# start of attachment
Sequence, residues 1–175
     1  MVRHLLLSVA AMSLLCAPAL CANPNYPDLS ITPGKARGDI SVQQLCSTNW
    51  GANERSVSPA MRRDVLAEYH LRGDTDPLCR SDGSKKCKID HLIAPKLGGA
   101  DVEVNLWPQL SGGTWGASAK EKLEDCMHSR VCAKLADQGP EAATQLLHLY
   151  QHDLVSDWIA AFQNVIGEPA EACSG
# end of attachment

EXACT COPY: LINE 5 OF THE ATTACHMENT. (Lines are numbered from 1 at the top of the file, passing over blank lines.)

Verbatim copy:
   151  QHDLVSDWIA AFQNVIGEPA EACSG